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|Title:||A text linguistic study of Romans 8:1-17: comparing English and Chinese translations|
|Authors:||Lau, Pan Ying Peony (劉盼迎)|
|Department:||Department of Linguistics and Translation|
|Programme:||Bachelor of Arts (Honours) In Linguistics and Language Technology|
|Instructor:||Prof. Webster, Jonathan|
|Subjects:||Bible. Romans, VIII, 1-17. English -- Criticism, interpretation, etc.|
Bible. Romans, VIII, 1-17. Chinese -- Criticism, interpretation, etc.
Bible. Romans, VIII, 1-17 -- Translations into English.
Bible. Romans, VIII, 1-17 -- Translations into Chinese.
|Citation:||Lau, P. Y. P. (2014). A text linguistic study of Romans 8:1-17: comparing English and Chinese translations (Outstanding Academic Papers by Students (OAPS)). Retrieved from City University of Hong Kong, CityU Institutional Repository.|
|Abstract:||A German theologian Philipp Spener said if the Bible were a ring and Romans its precious stone, chapter 8 would be “the sparkling point of the jewel” (Godet, 1977:295). The book of Romans is one of Paul’s epistles in the Bible. The first part Romans 8:1-17 deals with the significance of the Holy Spirit in the life of believers of God, resolving the problem raised in the previous chapter. However, the noticeably frequent occurrences of the reference of the Spirit in Romans 8 mark a discrete discourse unit within the epistle. In light of this, this study hopes to investigate the ideology and inner beauty of this passage through a functional linguistic analysis. Systemic Functional Linguistics (SFL) suggests that a text (language in use) serves to make meaning ideationally, interpersonally and textually. A text consists of functionally-significant text spans characterized by distinctive lexicogrammatical patterning (texture). The spans contribute to the meanings of the text. Span beyond clause is discourse; discourse structures are studied in Rhetorical Structure Theory (RST). This study investigates Rom 8:1-17 from a functional semantic perspective in terms of such lexicogrammatical structures such Theme and transitivity. The New Testament of the Bible was originally written majorly in Greek, but has been translated into various languages. How translations of different languages make different meanings in reader’s mind is also the other concern in this paper. It is illustrated by an English translation and a Chinese, with the New International Version (NIV) and the Worldwide Chinese New Version (WCNV) taken as textual bases. Note that this study is not a textual criticism, thus the analysis of translation equivalence is beyond the scope of this study. It is suggested that while the two translations behave in different ways, both reveal lexicogrammatical texture and rhetorical evidence that communicate text producers’ meaning to readers.|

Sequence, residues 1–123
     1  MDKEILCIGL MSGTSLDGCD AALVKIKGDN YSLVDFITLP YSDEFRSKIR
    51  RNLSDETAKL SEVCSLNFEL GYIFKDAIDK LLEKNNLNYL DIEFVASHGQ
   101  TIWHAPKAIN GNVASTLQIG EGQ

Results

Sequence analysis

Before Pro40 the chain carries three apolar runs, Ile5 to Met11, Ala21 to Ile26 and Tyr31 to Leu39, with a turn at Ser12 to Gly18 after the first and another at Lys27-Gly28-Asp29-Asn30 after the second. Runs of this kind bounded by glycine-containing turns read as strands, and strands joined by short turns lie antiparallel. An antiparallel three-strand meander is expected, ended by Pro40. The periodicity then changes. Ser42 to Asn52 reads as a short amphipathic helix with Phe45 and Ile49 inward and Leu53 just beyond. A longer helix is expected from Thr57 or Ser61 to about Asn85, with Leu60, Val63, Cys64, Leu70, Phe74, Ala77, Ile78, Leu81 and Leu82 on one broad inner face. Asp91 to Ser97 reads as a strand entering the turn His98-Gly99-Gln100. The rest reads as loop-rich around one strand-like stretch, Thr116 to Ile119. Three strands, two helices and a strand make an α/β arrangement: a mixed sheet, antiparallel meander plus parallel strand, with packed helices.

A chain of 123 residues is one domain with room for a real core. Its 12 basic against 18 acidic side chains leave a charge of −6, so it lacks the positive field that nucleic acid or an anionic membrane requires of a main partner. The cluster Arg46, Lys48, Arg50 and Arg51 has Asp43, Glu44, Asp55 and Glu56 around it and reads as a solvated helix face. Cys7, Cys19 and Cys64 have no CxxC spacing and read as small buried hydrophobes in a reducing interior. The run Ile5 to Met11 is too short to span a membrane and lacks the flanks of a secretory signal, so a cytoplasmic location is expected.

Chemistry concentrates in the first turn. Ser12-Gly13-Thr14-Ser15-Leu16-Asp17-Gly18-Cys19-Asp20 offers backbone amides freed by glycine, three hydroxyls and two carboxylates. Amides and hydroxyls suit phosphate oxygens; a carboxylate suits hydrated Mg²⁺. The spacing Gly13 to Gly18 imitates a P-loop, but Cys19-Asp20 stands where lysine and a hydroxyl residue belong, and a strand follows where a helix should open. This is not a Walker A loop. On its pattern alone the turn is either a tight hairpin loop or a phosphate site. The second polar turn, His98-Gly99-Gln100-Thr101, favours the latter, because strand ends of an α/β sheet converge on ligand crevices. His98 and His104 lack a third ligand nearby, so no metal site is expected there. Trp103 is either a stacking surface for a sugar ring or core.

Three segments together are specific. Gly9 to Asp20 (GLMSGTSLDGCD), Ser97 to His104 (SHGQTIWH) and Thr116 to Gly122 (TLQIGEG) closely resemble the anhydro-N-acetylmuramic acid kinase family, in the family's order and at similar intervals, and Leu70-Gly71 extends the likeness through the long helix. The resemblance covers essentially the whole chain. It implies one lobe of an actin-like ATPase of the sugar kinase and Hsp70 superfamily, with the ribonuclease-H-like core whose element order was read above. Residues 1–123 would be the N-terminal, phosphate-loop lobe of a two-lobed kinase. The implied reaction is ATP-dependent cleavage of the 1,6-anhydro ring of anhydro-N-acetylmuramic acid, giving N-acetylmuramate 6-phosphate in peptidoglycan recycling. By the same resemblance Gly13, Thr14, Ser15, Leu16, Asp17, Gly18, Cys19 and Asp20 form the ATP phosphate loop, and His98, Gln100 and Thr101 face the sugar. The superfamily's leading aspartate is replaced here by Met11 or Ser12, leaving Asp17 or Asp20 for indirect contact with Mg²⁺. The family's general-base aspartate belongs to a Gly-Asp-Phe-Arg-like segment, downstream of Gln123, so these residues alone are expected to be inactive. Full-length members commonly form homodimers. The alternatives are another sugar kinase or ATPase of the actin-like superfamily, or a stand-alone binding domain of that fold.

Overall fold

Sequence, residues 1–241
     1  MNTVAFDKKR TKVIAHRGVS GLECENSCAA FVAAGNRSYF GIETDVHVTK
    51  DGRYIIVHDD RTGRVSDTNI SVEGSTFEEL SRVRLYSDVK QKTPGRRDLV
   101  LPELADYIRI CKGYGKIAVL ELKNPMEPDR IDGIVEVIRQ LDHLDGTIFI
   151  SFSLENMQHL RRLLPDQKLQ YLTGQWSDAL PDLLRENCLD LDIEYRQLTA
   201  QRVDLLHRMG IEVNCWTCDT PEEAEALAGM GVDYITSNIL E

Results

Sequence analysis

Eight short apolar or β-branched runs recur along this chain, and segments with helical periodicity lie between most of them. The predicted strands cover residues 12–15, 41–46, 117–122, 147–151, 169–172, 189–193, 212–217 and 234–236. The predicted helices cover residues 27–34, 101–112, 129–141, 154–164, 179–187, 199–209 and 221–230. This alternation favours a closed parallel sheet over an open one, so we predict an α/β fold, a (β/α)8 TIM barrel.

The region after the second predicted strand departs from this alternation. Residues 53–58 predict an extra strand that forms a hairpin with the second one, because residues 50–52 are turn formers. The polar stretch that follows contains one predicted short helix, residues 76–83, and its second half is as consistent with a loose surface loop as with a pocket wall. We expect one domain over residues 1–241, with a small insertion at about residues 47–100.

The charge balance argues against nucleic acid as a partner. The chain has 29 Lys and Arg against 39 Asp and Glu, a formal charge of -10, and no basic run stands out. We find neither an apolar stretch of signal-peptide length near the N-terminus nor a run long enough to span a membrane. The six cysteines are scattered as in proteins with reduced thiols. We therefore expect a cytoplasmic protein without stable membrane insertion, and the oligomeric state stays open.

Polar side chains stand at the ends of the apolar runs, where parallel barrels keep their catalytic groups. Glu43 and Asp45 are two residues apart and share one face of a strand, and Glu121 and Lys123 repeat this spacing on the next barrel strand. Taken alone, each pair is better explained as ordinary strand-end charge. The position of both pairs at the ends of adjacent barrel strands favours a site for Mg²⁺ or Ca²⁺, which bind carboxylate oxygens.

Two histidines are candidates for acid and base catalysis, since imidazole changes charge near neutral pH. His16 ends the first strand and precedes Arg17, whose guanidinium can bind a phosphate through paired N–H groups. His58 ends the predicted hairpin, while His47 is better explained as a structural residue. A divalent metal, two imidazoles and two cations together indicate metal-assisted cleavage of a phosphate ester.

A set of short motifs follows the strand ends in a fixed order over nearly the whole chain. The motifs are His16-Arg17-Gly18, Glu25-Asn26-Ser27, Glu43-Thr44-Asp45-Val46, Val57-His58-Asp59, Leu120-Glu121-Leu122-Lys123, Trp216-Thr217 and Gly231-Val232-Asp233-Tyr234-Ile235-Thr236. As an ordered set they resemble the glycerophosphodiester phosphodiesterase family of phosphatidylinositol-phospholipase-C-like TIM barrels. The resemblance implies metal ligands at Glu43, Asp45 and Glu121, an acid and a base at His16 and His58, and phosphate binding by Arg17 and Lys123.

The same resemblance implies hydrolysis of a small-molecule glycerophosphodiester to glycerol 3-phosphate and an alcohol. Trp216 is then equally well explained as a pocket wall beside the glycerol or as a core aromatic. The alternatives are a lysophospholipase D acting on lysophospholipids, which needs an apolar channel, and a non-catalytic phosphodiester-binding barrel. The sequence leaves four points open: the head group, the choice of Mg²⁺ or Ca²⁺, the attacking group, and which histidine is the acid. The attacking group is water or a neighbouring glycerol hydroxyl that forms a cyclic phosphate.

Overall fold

|Appears in Collections:||OAPS - Dept. of Linguistics and Translation |
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